Pupils given preview of tomorrow's world
The Strathspey & Badenoch Herald
25th May 2006
SCHOOL pupils from across Badenoch and Strathspey enjoyed a glimpse of tomorrow's world as some of the 21st Century's latest inventions went on show in Aviemore.
The day-long Digital Future conference saw around 400 of the newest revolutionary products showcased and tested by local school children at the Macdonald Aviemore Highland Resort.
The recent event was organised by Highlands and Islands Enterprise as a platform for some of the region's brightest minds to get their inventions into the public eye.
The exhibition was also a chance for HIE to demonstrate how some of the products being developed through its association with the Massachusetts Institute of Technology will work in daily life.
A number of business tools, healthcare aids and personal toys that are likely to be available in the shops over the coming years and even decades were available for a test run.
By sponsoring the research, enterprise chiefs hope businesses in the Highlands and Islands will be able to take advantage of having access to some of the most up-todate technology and thinking in the world.
Around 250 local children aged between three and 15 were able to explore a huge range of tools and toys currently being developed for the market.
Some youngsters had the chance to make their own Tshirts, while others put the latest computer games through their paces.
One sports game, called Breakout for Two, allowed two opponents to have a football match from the comfort of their own homes.
Participants had to throw or kick a real ball at a wall to break through a virtual projection of blocks that partially obscure a live video image of the other player.
Visitors were also wowed by a prototype teddy bear called the Huggable that moved and interacted with the user thanks to a 'skin' packed with temperature, electrical and force sensors.
The Huggable responded to touch and voice and was able to recognise the user when he or she approached before nuzzling in for a cuddle.
The bear was one of many items healthcare professionals were keen to explore at the event. It is currently being earmarked for use in nursing homes and hospitals, where the friendly companion will be able to monitor and record the patient's activity.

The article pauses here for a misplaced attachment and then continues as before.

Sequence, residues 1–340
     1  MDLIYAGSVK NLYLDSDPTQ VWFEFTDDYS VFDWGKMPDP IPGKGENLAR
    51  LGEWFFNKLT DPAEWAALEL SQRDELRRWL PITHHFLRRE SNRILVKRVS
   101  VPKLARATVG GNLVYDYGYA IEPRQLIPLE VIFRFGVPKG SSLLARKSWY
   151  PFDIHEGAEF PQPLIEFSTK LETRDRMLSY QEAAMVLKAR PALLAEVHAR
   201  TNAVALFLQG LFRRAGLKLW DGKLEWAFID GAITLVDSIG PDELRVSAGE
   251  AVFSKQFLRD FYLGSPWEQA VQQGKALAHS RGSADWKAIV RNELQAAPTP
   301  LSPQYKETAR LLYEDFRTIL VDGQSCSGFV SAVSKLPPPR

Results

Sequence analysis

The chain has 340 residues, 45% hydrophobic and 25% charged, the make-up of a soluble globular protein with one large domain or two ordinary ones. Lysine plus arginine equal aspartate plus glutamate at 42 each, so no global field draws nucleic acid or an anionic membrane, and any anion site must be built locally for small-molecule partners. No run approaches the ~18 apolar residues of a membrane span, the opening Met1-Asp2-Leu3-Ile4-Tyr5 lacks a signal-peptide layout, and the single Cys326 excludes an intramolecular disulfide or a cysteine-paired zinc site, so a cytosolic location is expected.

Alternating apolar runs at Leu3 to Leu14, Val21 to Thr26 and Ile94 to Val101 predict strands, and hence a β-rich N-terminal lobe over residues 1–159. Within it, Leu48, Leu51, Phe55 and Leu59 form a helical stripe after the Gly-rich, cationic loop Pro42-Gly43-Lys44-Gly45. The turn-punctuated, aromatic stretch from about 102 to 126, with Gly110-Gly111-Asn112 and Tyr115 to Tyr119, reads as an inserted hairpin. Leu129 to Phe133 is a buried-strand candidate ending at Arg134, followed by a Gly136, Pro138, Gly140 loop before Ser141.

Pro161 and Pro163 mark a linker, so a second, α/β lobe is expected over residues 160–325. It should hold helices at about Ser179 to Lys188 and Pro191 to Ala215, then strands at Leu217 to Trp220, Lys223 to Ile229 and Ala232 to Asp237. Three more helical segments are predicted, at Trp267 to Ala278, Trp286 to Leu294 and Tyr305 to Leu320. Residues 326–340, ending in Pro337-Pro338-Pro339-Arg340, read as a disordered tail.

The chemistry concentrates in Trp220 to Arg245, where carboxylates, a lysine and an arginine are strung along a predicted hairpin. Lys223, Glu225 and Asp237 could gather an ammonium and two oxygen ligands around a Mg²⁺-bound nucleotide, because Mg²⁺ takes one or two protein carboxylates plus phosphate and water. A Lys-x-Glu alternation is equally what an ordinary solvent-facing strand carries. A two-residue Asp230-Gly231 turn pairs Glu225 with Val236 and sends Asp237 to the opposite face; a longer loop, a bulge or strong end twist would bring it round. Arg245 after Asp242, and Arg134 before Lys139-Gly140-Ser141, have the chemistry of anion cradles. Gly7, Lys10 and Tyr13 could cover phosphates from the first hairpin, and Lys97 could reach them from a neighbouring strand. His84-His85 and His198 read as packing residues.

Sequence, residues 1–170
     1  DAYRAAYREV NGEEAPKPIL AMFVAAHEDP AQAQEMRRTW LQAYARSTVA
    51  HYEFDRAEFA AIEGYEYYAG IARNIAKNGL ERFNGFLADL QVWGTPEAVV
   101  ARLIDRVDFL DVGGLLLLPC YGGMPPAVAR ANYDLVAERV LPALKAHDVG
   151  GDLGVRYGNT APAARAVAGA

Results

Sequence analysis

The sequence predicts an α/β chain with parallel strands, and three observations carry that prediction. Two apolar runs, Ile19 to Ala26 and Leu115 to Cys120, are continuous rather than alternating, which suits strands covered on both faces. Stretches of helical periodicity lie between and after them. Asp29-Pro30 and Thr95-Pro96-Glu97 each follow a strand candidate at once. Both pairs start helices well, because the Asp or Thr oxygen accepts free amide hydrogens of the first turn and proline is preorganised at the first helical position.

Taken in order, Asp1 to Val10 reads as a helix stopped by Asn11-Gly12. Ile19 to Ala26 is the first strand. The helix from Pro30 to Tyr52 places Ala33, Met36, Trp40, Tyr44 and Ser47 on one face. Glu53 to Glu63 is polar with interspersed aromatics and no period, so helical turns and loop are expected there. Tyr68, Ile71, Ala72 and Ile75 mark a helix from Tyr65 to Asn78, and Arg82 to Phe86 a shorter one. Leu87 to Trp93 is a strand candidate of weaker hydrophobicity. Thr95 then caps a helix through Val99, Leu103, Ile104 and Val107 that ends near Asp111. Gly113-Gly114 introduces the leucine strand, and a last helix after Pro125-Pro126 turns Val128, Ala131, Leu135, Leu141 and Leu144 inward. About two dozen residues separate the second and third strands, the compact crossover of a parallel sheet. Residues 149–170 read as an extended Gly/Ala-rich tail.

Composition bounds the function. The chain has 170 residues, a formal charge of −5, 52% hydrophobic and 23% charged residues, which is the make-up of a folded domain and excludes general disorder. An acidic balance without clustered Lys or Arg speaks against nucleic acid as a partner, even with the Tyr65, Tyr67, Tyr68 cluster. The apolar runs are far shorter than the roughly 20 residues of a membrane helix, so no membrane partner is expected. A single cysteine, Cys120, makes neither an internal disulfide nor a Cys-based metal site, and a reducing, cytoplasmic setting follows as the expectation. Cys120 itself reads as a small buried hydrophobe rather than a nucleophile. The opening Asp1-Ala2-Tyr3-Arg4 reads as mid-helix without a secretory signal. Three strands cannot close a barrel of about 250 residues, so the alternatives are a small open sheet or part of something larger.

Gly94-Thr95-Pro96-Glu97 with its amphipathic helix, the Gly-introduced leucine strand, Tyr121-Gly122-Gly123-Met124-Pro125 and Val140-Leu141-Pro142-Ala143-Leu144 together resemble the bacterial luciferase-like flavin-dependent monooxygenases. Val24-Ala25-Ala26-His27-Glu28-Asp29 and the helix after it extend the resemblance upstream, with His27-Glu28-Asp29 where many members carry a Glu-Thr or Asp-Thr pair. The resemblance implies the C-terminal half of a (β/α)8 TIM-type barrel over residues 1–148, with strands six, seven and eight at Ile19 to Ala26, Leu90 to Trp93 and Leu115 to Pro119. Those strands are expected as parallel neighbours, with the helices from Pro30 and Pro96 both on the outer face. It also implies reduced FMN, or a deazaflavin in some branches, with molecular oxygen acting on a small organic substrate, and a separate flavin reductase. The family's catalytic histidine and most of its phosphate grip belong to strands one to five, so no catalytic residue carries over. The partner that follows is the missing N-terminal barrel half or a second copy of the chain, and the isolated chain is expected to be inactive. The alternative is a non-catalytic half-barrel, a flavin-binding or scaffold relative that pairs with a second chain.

Other pieces of new software on show at the event included a tool to allow budding Mozarts to experience the life of a talented composer without having the musical training with the help of the latest camera technology.
A fashion show with a difference brought the technological extravaganza to a close, featuring creative and digital clothing both from MIT and Highlands and Islands designers.
Highlights on the catwalk included a snowy-white scarf called the whiSpiral which contained short audio messages recorded by friends or loved ones.
The scarf came to life when touch and motion sensors detected a soft caress or wrapping movement with the secret messages then being whispered to the wearer.
Walter Bender, president of One Laptop per Child, spoke about the campaign to produce a robust, wind-up computer for $100 to be distributed through sponsorship to some of the world's poorest children, enabling them to communicate across the globe.
Dave Chatting, BT facial communications researcher, said the event had been a chance for consumers of all ages to have a sneak preview into the world of tomorrow.
Mr Chatting was demonstrating a Moving Portraits creation at the event - an interactive painting that responds to your attention.
He said: "The concept could lead us towards the point when we can power up our computers just by looking at them, or it powering down and going to sleep as soon as you move on to something else.
"Imagine car dashboards where the dials and controls only light up when you look at them, or advertising hoardings that are just bare walls until someone looks up.
"Moving Portraits is a spellbinding device in its own right, but is simply a demonstration of the concept of our gadgets giving us more feedback if we give them more attention.
"When you walk in front of the picture and look at it, a digital camera registers exactly where you're looking and the picture animates. In this case, a girl takes her hands away from her face and smiles at you.
"If you keep looking, she starts giggling and gets more excited, rewarding you for paying her more attention."